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Monthly Archives: September 2013

Word Prompt: Quicksand

Warm sand shackles


Palm tree mob


Sinking toes

A sob for help

Stuck to hot air


Earth’s tight embrace


Clear blue sky above


Word Prompt: Teddy bear


This is so not fair!¬†First I’m confined with you trolls for what were supposed to be my fairy tale high school years. Now I’m stuck in an old people’s carriage with you all summer. Thank god there’s a light at the end of this dark, three thousand mile tunnel. I’ll be free from this stupid tyranny in three months.


Actually it’s an RV.


Ugh, same difference. They both move on wheels and make it impossible to escape your tragic unibrow.


I don’t have a unibrow!

As Rachel flings a pile of clothes from her closet, a furry, brown limb pokes from the remaining landfill. She shovels another mound from the top and pulls out a one-eyed teddy bear, which has seen better days.


Is that Wammy?

Rachel examines the bear’s pitiful stare. With one hand, she clears out the rest of her closet and finds the missing eye at the bottom of the floor.


Shortly after I was born, Rachel started suffering from night terrors. She claimed I brought goblins from the hospital, which threatened to chop off her hair in the middle of the night. To guard her from my evil clan, Dad gave her his bravest childhood friend – Wammy.


Are you taking him with you?


Don’t be stupid! I’m not gonna be the loser who takes her old teddy bear to college.

Word Prompt: Palm trees

Where ya goin’ little one

We got nowhere to be

Nowhere to run

All time in the world

Ours to have now and more

We know the road ahead

Its bent and curled

See our crown of fronds

Flicking fingers in the wind

The leaf scars on our stems

We bear from fickle gusts

Pounding slaps of rain

Her sky’s unforgiving sun

Jealous mistresses

Battling for the higher throne

A vacant seat at court

The loneliest space to own

Stay slow, you’ll grow tall

Retain truth, you’ll reach wide

Never will the view you seek

Varnish from your line of sight

Word Prompt: Bravery

Bravery is knowing how to recognize your wrongdoings and admitting your faults. Being willing to adapt and attempt change. Climbing the peaks of your darkest soul and reconstructing them unto meager hills. Conquering the unknown when it scares you the most.

Bravery doesn’t require a sword or gun. It takes wisdom beyond the lines of a textbook or segments on the evening news. Mandates steps from routine and numbed consensus. Bravery is one voice saying “I’d had enough” and finding a way to pave change.

Word Prompt: Sahara


Vast and blank

Bleak and sifting

An end to stark views

Nowhere near sight

Rooms fall away

Lost and shifting


Granules of sand

Floating ribbons

Slide over sloped dunes

Sahara’s only movement

Fleeting and nimble

Too far, too quick

To grab as one’s own

She bears no fruit

Save the kernel

Buried in deep wells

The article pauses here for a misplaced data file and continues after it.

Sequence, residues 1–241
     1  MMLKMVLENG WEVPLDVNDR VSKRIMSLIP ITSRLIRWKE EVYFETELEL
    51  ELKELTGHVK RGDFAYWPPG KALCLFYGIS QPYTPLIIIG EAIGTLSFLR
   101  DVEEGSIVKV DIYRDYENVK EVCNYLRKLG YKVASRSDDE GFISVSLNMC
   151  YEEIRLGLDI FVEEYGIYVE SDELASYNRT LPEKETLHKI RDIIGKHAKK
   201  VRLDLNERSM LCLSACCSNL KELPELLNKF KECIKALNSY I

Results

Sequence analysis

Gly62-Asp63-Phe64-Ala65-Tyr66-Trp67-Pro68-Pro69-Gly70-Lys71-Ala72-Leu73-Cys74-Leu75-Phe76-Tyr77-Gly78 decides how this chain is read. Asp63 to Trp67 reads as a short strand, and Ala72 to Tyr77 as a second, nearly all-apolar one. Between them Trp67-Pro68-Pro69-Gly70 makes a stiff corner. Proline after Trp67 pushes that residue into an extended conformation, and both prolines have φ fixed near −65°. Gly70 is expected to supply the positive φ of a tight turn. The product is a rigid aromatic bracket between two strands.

Prismatic springs

Her map of veins

Unseen routes

One’s escape

From this hell’s drought

Word Prompt: Times Square

“The answer is four times square,” Mollie answered, her slight frame swollen with pride.

“Mollie,” the teacher sighed, dropping her head. “You can’t ‘times’ a square. When a number is ‘squared,’ it means you multiply the number by itself.”

Mollie scrunched her nose.

“But how can a number be multiplied if it’s by itself, Miss Morgan? That doesn’t make sense.”

Miss Morgan had her work cut out for her. Two weeks ago, it seemed easy enough to accept the principal’s challenge to raise the class average to a B+. It currently leaned on a C-, like many of the classrooms at this school. Miss Morgan wasn’t aware of that when the accepted the interim teaching position. According to a few gossips in the teacher’s lounge, the last math teacher had quit. The administrative office would neither confirm nor deny whether this was true.

She supposed it could be worse. She could be teaching at one of those schools which required teachers to give their students A’s and B’s, regardless of whether they knew the material taught and earned the grade. Miss Morgan had a hard time believing those schools existed until she substituted at one for a week and accidentally gave one child a C+. Guarding her life for two days in the nation’s third most dangerous inner-city school was nothing compared to the wrath of an angry heiress spitting haleotosis breath in Miss Morgan’s face while shrieking about her eight year old son’s chances of attending Harvard being ruined with such a fallible grade. It was a relief when the headmaster released her from the temp position with her week’s pay already embossed on a linen check.

Miss Morgan wanted to teach, not give gold stars to every child who crossed her threshold. She wanted to build the foundation for future inventors and entrepreneurs, bright doctors and scientists, innovative designers and artists. In order for her to consider her mission a success, children needed to understand the basics of math, English, and science.

Picking up a piece of chalk from her desk, she crossed the room to where Mollie quizzically gazed at her incorrect answer at the board.

“A squared number,” Miss Morgan began again, “means an integer – in this case, four – is multiplied by another same integer.”

“So it’s four times four?” Mollie asked. “Not times square?”

“Exactly,” Miss Morgan smiled.


Word Prompt: Happiness

If happiness is a warm gun

I’ll choose misery

Desolate depression

In the loneliest sense

I’ll wander through thorns

Dig my own hole six feet deep

To forego the bloodshed

Of trembling hands

Capping the medicine

That goes smoothly down

Down tunnels dark and cold

To the wants of our own minds

Want for nothing

Begging for everything

Well served for all time